Although it may often seem like our furry friends lead endlessly comfortable and fun lives, they can actually experience stress just like we do. Although they might not have jobs or families (most of the time), our animals can experience stress in some situations that we might also find stressful, namely instances where significant change occurs. This change might be related to an illness or some kind of important need not being met by an owner, but regardless of the situation, it’s something that needs to be paid special attention to. In this article, we take a look at a few signs that your pet might be having a stressful time.
Getting started with identifying issues
Although looking for cheap pet insurance in Australia for a pet that is demonstrating unusual behaviour might seem like the best solution, it’s often the case that you can help your pet all by yourself. This is obviously made more difficult by our furry friends not being able to vocalise what they need, which is why looking for the signs of stress can be so helpful – after all, ignoring these important warning signs can often come at the eventual cost of your pet’s health. There are many common signs of stress that develop in both cats and dogs, so developing an understanding of these first can help you remedy issues as they happen. The first of these is excessive grooming – new pet owners may think it’s normal for pets to be grooming themselves around the clock, but for many animals this can be an effective way to manage stress. If the stress is ongoing, it can actually get to the point where they pull out fur, which can quickly lead to skin disease and other ailments, plus it’s often very uncomfortable for pets to live with.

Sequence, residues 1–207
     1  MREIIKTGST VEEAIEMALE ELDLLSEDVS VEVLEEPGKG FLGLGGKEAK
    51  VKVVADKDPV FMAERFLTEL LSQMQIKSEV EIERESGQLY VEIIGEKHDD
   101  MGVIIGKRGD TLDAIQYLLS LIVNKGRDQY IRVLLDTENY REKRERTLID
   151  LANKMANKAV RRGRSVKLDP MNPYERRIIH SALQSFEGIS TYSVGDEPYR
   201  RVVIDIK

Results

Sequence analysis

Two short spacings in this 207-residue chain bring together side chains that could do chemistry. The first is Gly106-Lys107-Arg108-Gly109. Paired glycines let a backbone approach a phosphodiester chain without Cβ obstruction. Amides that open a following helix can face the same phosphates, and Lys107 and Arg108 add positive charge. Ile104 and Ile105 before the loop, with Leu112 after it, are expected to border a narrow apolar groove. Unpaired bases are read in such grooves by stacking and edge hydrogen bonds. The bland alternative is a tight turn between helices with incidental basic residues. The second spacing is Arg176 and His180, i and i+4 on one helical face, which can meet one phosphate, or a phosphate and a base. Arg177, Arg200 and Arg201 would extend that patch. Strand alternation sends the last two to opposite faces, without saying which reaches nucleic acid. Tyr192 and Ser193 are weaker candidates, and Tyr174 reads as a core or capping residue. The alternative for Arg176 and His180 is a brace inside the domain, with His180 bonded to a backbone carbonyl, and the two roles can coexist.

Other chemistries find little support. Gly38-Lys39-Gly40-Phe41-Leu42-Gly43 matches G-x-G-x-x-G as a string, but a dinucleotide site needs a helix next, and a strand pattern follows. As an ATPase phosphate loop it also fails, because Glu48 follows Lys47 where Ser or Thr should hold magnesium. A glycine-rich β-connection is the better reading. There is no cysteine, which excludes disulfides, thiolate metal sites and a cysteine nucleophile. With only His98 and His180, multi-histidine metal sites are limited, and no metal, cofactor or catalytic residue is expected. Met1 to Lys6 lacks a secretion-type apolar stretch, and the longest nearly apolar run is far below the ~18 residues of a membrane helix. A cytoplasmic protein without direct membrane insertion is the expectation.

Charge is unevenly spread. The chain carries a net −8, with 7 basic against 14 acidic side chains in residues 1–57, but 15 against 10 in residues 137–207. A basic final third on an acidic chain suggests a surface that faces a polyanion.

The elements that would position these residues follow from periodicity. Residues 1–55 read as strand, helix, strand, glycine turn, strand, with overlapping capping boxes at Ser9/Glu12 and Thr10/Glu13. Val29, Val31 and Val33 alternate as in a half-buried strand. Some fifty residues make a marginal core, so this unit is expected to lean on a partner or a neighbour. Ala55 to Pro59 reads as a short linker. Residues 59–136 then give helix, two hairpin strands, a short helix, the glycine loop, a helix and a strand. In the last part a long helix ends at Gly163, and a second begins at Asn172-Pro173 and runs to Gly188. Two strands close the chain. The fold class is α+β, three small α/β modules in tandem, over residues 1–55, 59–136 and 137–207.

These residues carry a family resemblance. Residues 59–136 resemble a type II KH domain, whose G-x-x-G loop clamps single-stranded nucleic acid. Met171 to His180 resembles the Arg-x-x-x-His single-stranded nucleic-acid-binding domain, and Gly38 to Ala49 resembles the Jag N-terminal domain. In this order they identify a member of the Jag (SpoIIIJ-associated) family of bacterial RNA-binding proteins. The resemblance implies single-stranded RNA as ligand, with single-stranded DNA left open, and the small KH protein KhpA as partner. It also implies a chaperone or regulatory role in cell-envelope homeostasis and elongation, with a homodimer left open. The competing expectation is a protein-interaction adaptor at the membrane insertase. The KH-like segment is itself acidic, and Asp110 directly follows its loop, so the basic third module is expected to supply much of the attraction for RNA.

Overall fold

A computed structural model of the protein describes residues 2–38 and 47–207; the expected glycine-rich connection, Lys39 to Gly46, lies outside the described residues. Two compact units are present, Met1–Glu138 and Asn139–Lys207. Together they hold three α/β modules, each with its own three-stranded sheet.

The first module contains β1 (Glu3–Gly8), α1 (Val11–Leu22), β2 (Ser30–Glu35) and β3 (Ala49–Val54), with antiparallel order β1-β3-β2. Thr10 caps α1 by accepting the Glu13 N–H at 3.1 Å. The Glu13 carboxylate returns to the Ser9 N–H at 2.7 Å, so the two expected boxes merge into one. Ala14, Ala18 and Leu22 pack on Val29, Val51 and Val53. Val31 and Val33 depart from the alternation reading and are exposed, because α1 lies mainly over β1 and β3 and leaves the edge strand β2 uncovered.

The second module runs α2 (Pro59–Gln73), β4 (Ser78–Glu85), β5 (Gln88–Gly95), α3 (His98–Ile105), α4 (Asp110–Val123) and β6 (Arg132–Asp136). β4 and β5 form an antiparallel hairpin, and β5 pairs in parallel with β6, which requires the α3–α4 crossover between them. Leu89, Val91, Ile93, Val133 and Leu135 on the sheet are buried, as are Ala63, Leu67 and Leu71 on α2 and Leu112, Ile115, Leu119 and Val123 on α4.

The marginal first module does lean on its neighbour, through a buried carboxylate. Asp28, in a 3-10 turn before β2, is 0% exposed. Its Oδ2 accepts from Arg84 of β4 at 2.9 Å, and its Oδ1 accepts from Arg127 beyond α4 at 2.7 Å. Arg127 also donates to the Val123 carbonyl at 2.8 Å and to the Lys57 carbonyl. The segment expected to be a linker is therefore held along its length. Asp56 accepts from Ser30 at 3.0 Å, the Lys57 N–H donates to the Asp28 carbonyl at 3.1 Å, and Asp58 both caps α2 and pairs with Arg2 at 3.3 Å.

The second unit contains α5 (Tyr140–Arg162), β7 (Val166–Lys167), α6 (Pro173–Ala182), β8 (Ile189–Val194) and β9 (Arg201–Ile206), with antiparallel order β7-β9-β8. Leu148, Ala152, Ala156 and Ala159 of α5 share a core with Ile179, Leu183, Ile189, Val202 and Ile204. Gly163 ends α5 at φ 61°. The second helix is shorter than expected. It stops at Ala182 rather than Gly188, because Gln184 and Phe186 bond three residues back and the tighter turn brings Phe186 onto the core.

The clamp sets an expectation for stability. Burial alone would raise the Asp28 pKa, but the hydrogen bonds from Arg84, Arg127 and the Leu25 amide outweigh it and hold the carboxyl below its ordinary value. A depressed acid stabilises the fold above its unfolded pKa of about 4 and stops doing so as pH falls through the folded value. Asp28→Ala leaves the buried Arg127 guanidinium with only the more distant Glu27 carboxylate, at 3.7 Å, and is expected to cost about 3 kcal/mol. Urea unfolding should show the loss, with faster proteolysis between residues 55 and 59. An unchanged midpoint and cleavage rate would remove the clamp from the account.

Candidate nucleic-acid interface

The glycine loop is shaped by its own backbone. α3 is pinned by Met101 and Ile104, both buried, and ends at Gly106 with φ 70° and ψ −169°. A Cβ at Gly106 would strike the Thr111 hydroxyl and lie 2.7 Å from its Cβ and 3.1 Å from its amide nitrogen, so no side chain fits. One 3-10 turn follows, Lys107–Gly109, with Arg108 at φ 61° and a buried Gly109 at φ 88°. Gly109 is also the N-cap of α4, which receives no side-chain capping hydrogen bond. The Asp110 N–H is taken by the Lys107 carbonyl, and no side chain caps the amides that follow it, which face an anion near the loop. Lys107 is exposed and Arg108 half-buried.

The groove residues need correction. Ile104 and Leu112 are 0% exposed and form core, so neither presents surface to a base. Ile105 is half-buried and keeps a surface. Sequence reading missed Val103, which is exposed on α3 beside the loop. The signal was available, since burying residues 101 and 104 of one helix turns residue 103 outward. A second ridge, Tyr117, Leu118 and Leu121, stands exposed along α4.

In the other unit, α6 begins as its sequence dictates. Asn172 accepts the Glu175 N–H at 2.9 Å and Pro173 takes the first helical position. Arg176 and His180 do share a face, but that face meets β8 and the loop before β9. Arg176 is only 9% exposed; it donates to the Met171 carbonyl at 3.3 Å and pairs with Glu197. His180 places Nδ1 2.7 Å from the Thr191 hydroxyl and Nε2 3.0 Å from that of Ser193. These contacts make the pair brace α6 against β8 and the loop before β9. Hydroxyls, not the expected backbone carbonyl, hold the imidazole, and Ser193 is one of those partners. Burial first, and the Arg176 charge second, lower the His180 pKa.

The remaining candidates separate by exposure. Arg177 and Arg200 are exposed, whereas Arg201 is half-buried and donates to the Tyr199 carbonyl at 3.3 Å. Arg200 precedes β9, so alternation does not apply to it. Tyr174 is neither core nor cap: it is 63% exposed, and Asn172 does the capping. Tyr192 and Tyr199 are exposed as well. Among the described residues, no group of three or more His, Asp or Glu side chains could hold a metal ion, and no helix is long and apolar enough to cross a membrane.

More warning signs to look out for
Another very clear indication of stress in a pet is demonstrated with the (often unpleasant) noises they make. For cats, this might mean meowing, howling or hissing, while in dogs this can manifest as excessive barking. It’s a good idea to work out where the animals tend to make these noises so that you can better establish the issue – for example, knowing that a car is hissing around a new animal that has been introduced into your household should be clear indicator that your cat is not alright with it. Similarly, finding that your dog is barking constantly can help you establish which of the common causes of the barking seems most appropriate to tackle, whether it be boredom, separation anxiety, or some similar issue with you or the environment around them. Another very common sign of a stressed animal occurs through your pet’s urination. This is particularly evident in cats, where they will urinate outside the confines of their litter box if exposed to a stressor, but dog can also urinate inside the house as a response to stress.
Treat the signs before it’s too late
Although identifying the signs of stress in a pet is not always simple a lot of the time, it’s extremely important to ensure that their needs are taken care of. Otherwise, this lack of attention may come at the cost of their health. If you are noticing your pet is acting strangely but are unable to determine a specific root cause for their behaviour, it’s never a bad idea to consult a vet. This way, you’ll be able to develop a much clearer understanding of how to treat your animal not only now, but in the future.